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Harold and Clarissa strike parenting deal

By Peter Theuri | Dec 12th 2021 | 3 min read

When Harold staggered in and saw three people staring at him with avocados in their hands ready to be flung at his face, he regained soberness instantly.

“Careful, we do not play around with food,” he said. He then wrestled the fruit from my hand, casually peeled it and, turning to face Clarissa, said, “Long time, no see!”

Harold would be there watching a house get devoured by fire and would spit into the flames hoping to put the fire out. He addressed Clarissa so casually one would have thought they had last met just days before.

Paul just about reached for the fruit in his mother’s hand faster than Harold who swung and lost balance, falling onto Clarissa’s lap.

“Last I made a mistake, I sat on you as you are seated now. So, Harold, shall we dance?”

Harold and I admired him deeply for this I will confess, he did not show any signs of being perturbed.

“Clarissa, tell you what, we are going to win this one yet again!”

Trivialising everything the way only Harold does, the priest, otherwise known for his debauchery and love for the avocado, turned to Paul.

“When I last saw you, you were unborn. You look like someone I know,” said Harold, insisting that the boy’s name had to be Luke; why else would the mother look for Harold.

“For so long you have not sent even a shilling for the boy’s upkeep,” Clarissa said. “And that is why I am here.”

Harold asked her if it was time he sent the one shilling that he had failed to (he was deeply sorry, he said) and how he would send it while she sat right in front of his face.

“Do I look like a joke to you?” Clarissa asked, obviously aware that she did. Harold nodded. He enjoyed such moments.

After a brief introduction, where Paul introduced himself as Saul (with the mother clarifying that he must have been asleep when the Damascus moment came) Harold asked Clarissa what role she intended to play in his campaigns. But a disgruntled Clarissa said that all she wanted was money to pay school fees for Paul. Harold jumped.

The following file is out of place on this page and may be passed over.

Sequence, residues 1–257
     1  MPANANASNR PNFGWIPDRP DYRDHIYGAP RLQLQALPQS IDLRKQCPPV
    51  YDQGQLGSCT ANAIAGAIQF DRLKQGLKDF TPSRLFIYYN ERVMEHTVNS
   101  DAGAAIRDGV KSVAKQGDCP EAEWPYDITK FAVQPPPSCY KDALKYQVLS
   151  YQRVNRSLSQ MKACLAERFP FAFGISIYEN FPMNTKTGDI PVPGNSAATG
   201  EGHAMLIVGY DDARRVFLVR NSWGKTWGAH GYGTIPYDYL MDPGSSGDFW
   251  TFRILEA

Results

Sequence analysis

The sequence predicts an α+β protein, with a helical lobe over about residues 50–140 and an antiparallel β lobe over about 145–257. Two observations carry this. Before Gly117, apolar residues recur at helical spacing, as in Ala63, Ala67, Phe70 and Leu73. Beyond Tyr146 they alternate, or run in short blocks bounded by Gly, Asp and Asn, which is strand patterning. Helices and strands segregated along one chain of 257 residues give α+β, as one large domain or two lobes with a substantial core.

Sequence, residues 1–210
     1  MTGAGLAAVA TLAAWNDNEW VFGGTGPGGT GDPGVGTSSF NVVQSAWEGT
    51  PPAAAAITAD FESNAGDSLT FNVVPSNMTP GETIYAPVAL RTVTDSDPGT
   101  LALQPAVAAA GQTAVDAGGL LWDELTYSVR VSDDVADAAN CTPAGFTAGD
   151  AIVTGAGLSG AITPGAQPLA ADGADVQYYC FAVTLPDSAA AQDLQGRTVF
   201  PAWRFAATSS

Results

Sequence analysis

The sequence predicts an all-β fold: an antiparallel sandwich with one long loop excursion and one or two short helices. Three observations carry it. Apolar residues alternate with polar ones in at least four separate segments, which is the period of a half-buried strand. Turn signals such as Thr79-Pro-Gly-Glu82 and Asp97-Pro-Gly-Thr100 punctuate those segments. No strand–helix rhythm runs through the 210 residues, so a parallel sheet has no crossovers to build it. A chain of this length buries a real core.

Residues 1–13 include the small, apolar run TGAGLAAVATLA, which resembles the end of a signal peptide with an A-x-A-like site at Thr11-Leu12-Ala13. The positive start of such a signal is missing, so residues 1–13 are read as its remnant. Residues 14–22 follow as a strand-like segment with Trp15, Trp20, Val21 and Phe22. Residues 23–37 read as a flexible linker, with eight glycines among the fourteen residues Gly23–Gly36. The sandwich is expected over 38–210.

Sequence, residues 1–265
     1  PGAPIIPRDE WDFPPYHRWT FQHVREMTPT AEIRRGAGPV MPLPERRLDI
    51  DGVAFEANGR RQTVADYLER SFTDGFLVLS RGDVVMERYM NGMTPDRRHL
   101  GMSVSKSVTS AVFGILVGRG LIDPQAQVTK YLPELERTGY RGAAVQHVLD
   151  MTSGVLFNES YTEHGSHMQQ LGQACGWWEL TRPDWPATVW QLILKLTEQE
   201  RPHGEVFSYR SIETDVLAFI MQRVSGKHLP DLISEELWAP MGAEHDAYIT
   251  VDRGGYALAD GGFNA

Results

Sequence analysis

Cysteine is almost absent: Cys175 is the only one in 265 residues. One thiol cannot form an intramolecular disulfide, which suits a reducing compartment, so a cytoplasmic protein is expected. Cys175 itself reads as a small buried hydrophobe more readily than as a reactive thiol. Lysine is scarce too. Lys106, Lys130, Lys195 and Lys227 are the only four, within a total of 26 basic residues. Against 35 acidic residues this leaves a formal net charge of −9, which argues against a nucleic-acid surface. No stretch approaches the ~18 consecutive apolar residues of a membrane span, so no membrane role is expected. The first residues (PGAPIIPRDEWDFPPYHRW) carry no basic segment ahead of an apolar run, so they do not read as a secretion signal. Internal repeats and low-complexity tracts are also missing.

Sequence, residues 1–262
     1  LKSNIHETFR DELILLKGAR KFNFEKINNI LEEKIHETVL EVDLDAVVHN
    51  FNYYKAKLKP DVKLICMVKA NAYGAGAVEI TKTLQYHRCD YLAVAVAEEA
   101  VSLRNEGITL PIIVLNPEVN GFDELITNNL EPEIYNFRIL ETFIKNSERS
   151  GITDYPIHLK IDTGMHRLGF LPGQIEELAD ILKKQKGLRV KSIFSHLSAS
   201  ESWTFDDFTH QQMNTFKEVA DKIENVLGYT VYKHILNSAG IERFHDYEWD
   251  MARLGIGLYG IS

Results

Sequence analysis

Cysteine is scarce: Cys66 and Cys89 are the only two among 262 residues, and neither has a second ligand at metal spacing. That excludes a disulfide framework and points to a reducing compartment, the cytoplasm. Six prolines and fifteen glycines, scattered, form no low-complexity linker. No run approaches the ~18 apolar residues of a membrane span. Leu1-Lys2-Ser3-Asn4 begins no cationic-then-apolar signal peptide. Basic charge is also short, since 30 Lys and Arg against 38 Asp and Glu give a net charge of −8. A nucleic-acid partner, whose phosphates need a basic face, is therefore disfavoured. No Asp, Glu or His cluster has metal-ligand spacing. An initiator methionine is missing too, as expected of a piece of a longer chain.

“Fees for who? See that idiot over there?” he pointed at me. “That is Pete. He is my nephew. He should be in school but he knows that I do not pay to have children become wiser than I am.”

It was agreed that Clarissa could possibly get her compensation if she followed the right channels. These included going to the Magic-straight Court, where no magic, Harold was certain, was going to save her case.

She would go to the Hi Courts, to the Court of Uphill and then to the Soup-rim Court, where she might be awarded a shilling a month in upkeep.

With that agreement, I was going to help her approach, and bribe, the chief judge.

If you remember, Harold decided that all the courts will be led by the same man, yours truly. As such, it was between her and Harold, whoever would qualify as the highest bidder would have his way. I knew who would.

I had expected the two to explode at each other but when they started talking, I knew that for the millionth time, my crystal ball had betrayed me.

Soon, the two had started planning on how she would start mobilising men, who would be attracted to her due to her clearly stunning looks, while he went for women. I, with my inability to attract anyone, would accompany them on their campaign trails, announcing their arrival in different shopping centres and markets.

I told Harold I did not understand why he was campaigning and yet he had the voters’ register in his possession, with a lot more than 100 per cent of the voters registered. He reminded me that one had to be seen to be campaigning so that the results were never going to get disputed.

I was angry that Clarissa and Paul were staying. That meant that I would be spending the night with a boy who confessed to being a hopeless insomniac, and who kept on telling stories about Woozles and Heffalumps, a not so subtle way to endorse himself as a top friend of the court.

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